My own artisan didn’t do that well in sales, but she at least covered her costs of attending and got a chance to travel to Teguz and interact with some interesting clients. While I never think about the community where we live as having a distinct ethnic identity when we’re at home, when we travel, it becomes very clear that the people in our area are not quite like other Hondurans. The people here not only have a different appearance (shorter, darker, different facial features), they also have different personality/cultural characteristics. My artisan was the only woman wearing a long colored skirt, the vestige of traditional Lenca dress here. She was the only woman who wore her hair loosely tied back and slightly disheveled, probably more related to socio-economic status than ethnicity (although the two are linked). She was quiet, timid, and reserved, choosing to sit serenely at her table while others flitted about, chatting with others, yet another result of the cultural reality in my site where women have no voice. She looked so small and isolated among the artisans, I almost wondered if she regretted coming. But I feel like whether she said so or not, the trip was a good experience for her, to show her that she did deserve a table at the event because her art was just as important and beautiful as anyone else’s there.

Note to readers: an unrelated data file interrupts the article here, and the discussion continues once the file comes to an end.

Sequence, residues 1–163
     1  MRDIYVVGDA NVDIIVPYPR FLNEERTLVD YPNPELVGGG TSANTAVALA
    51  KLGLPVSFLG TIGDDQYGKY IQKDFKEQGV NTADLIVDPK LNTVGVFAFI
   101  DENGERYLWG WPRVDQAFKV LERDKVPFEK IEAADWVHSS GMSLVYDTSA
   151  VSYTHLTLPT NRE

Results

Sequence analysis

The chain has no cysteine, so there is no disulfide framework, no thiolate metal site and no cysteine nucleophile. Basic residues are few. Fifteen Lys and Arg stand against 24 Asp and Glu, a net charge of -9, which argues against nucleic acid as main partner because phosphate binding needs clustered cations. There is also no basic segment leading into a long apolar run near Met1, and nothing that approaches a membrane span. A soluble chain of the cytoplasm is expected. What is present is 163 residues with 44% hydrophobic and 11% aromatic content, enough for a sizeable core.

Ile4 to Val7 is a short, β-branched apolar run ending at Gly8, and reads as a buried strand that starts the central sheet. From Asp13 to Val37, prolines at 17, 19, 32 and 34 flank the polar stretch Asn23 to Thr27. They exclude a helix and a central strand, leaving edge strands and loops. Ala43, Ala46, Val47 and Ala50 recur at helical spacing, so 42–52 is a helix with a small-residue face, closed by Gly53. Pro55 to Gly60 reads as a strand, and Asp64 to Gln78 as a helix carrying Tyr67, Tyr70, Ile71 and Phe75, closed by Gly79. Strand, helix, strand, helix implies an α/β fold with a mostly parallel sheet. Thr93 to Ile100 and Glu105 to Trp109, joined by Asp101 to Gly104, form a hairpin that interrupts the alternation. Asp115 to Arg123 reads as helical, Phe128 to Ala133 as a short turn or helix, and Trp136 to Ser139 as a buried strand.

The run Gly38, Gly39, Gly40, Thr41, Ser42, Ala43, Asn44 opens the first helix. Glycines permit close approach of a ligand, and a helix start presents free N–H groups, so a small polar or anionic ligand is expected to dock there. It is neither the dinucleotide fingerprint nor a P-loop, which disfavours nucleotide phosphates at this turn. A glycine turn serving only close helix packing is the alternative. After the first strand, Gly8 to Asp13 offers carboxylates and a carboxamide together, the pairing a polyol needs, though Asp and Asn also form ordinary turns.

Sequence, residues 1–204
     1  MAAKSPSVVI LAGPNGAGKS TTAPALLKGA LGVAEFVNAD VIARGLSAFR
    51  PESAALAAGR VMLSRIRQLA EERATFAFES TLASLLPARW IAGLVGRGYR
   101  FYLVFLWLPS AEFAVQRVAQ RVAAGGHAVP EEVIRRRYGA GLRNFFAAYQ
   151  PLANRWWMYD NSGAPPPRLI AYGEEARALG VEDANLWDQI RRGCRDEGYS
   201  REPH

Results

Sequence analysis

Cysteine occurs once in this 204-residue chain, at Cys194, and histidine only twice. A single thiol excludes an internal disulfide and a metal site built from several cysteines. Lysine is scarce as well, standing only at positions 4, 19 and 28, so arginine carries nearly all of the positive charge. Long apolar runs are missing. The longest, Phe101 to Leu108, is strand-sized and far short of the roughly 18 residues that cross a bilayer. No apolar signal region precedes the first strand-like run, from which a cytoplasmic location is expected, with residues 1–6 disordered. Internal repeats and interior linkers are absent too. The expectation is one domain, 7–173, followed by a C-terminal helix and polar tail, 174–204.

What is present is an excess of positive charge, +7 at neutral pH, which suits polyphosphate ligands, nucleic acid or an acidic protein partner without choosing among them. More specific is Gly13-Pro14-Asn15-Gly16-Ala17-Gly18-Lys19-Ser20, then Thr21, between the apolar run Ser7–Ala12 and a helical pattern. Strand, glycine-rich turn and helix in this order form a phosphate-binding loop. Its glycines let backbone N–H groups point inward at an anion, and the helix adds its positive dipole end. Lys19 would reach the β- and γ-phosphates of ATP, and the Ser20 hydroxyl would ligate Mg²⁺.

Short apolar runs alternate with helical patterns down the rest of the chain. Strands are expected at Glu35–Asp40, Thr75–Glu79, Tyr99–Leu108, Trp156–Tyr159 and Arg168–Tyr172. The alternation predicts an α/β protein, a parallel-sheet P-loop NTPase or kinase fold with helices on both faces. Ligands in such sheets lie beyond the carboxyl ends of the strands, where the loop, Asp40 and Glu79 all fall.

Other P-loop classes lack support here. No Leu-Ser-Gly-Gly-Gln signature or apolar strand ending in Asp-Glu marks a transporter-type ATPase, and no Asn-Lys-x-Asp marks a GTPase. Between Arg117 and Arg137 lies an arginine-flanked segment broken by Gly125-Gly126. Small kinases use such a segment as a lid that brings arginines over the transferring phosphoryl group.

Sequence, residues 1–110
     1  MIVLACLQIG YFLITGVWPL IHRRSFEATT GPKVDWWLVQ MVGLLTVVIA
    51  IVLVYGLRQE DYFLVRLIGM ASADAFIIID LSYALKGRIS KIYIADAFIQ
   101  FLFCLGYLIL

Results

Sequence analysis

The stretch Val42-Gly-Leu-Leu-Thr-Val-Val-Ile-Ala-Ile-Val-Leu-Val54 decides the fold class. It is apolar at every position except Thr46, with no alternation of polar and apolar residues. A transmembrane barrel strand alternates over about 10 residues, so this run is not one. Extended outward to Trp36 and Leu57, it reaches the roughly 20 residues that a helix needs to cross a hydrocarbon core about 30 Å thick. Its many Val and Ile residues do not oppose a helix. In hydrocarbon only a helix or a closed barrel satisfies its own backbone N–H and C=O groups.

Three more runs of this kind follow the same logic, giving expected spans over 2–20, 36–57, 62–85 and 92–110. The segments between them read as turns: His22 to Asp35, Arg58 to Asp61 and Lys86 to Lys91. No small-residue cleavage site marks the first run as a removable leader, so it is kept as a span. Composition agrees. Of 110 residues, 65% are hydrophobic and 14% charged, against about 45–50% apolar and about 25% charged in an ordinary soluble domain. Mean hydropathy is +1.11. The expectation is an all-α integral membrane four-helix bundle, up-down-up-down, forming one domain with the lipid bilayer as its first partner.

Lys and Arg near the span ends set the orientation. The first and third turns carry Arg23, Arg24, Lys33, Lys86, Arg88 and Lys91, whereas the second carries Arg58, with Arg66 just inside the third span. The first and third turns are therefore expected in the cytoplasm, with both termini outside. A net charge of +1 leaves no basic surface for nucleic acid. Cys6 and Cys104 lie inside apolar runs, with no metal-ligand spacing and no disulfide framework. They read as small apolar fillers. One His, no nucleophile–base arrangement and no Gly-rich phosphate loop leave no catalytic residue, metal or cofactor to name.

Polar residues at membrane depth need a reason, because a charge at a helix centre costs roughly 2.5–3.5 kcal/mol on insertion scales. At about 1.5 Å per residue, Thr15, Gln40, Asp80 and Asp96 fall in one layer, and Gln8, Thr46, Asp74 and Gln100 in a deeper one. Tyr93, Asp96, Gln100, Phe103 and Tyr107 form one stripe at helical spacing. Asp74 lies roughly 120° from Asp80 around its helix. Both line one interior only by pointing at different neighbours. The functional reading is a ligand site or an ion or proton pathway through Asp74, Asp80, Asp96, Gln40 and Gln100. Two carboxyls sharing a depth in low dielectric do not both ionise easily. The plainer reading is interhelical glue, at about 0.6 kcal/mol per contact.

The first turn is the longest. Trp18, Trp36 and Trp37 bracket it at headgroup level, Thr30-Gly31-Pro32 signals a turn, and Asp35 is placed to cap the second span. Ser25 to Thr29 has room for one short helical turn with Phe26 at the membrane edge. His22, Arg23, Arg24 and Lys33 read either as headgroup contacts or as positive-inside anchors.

After returning home from the fair, we attended what may have been one of the most interesting concerts of our lives. Our local bar/restaurant hosted a Beatles tribute band from San Pedro Sula called La Revolución. Apparently these guys are somewhat of a big deal (they are the only Beatles tribute band in Honduras so, you know…) because we had to put a deposit on a table in advance for L. 500 ($25) to get a seat. Plus we had to pay a L.100 ($5) cover, which is double what the normal cover is for musical acts at the bar. I’m not sure quite what we were expecting, Beatles look-alikes? Songs in Spanish? Whatever it was, the band was all that and more.